GAGA: MORE 90s THAN 80s?

On the front page of USA Today, Lady Gaga’s new album is described as a throwback to the 80s. Sure, that’s a fair description. We’ve all heard the obvious Madonna comparisons and there’s certainly some classic Whitney influence there, too. But, what about the often neglected music of the 90s?

Gaga’s most obvious nod to the 90s comes in “Alejandro,” which all but samples the breezy beat and melody of Ace of Base’s “Don’t Turn Around”. (The influence can especially be heard in the original demo of the song).

However, it’s another group from the 90s that inspired me to write this post: Aqua. Yes, they’re the cheesy pop group known for “Barbie Girl.” Yes, I was one of the people who bought the entire album. Yes, I listened to it again the other day—and it still sounds pretty good. Looking beyond the novelty of “Barbie Girl” and their ridiculous, cartoon-esque image, a lot of the album still holds up. I haven’t listened to the album in well over a decade and I may be suffering from a serious case of nostalgia, but I still remember the lyrics and melodies to many of the songs. That’s got to say something, right?

While listening to “Aquarium,” I couldn’t help but think of Gaga. For example, in “Roses are Red” the catchiest part of the song is the repetition of “Ah di da di mud, dum di da di da.” Gaga’s relied on similar nonsensical warbling, like “Rah rah ah ah ah ro ma ro ma ma,” for the hooks of some of her biggest hits. In Aqua songs like “Doctor Jones” (which also has an insanely catchy repetition of “Aa yippie ya oo aa yippie ya yea”) and “Lollipop (Candyman)” the back and forth between the bouncy female voice and deep, auto-tuned male voice, evoke Gaga’s “Monster” and “Starstruck.” Beyond these similarities, the song structures and soaring, melodic choruses are very Gaga-esque. It leads me to question… could Gaga also have been the proud owner of the “Aquarium” album back in the day?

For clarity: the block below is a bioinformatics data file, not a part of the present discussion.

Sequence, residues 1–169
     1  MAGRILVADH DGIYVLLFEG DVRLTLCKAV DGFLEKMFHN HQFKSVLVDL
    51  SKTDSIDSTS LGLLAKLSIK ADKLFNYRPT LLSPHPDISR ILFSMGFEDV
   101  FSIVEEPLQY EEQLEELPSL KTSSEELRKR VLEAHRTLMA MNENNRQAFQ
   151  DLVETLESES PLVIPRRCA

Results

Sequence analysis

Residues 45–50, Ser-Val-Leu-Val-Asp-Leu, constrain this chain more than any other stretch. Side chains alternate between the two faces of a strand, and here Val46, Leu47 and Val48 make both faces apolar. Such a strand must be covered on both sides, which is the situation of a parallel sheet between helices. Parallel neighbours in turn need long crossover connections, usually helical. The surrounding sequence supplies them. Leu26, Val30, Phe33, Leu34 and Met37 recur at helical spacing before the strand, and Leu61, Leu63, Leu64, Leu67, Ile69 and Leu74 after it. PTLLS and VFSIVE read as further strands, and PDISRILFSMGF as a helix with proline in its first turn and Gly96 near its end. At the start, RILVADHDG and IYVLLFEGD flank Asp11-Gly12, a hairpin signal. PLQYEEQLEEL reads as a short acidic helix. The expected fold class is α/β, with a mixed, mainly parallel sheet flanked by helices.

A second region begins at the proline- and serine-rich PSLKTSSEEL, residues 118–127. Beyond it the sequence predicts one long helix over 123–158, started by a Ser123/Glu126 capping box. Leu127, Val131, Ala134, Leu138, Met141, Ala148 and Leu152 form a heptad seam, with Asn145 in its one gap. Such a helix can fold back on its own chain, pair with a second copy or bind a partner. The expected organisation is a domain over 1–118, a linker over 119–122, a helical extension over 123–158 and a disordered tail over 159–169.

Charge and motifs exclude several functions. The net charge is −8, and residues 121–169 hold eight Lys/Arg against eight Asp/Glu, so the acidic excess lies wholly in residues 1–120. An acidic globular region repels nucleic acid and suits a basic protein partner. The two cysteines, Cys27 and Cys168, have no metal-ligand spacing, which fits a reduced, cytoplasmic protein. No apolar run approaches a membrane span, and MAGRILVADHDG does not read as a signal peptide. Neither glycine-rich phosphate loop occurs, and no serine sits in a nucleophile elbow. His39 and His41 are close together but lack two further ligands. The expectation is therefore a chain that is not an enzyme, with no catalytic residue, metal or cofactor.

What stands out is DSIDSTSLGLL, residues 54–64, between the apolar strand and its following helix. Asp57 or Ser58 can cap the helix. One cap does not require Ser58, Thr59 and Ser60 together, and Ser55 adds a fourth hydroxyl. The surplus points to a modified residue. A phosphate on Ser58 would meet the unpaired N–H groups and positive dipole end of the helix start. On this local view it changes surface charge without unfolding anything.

No, I didn’t just make a semi-ridiculous post about similarities that may or may not exist between Lady Gaga and one-hit-wonders Aqua. Since “The Fame,” Gaga’s taken her 90s influence in a darker, more industrial direction. On “Born This Way,” the sound is less like the (cheesy) pop of Ace of Base and Aqua, and more like the house hits of the early 90s. This sound can especially be heard on tracks like “Marry the Night” and “Scheiße,” which recall the booming vocals and heavy dance beats of La Bouche’s “Be My Lover” and Snap!’s “Rhythm is a Dancer.”

However, Lady Gaga’s not the only one bringing the 90s back. Jason Derülo’s new single, “Don’t Wanna Go Home” literally samples the 90s house classic “Show Me Love” by Robin S., which was also recently used by Cheryl Cole in a performance last year.

While artists have been borrowing from the 80s for years, are the sounds from the 90s now old (and thus cool) enough to bring back? As the electropop formula is getting a bit stale, I can definitely see the heavier beats and stronger vocals of house music making a comeback within the next few years. Will it be the next big trend on pop radio? Maybe—it’s certainly a good sign when artists like Gaga (and even Derülo) are incorporating it in their music. However, I think it will take a new artist who fully commits to the sound to bring it back. Think, Lady Gaga circa 2008 with electropop/dance music…


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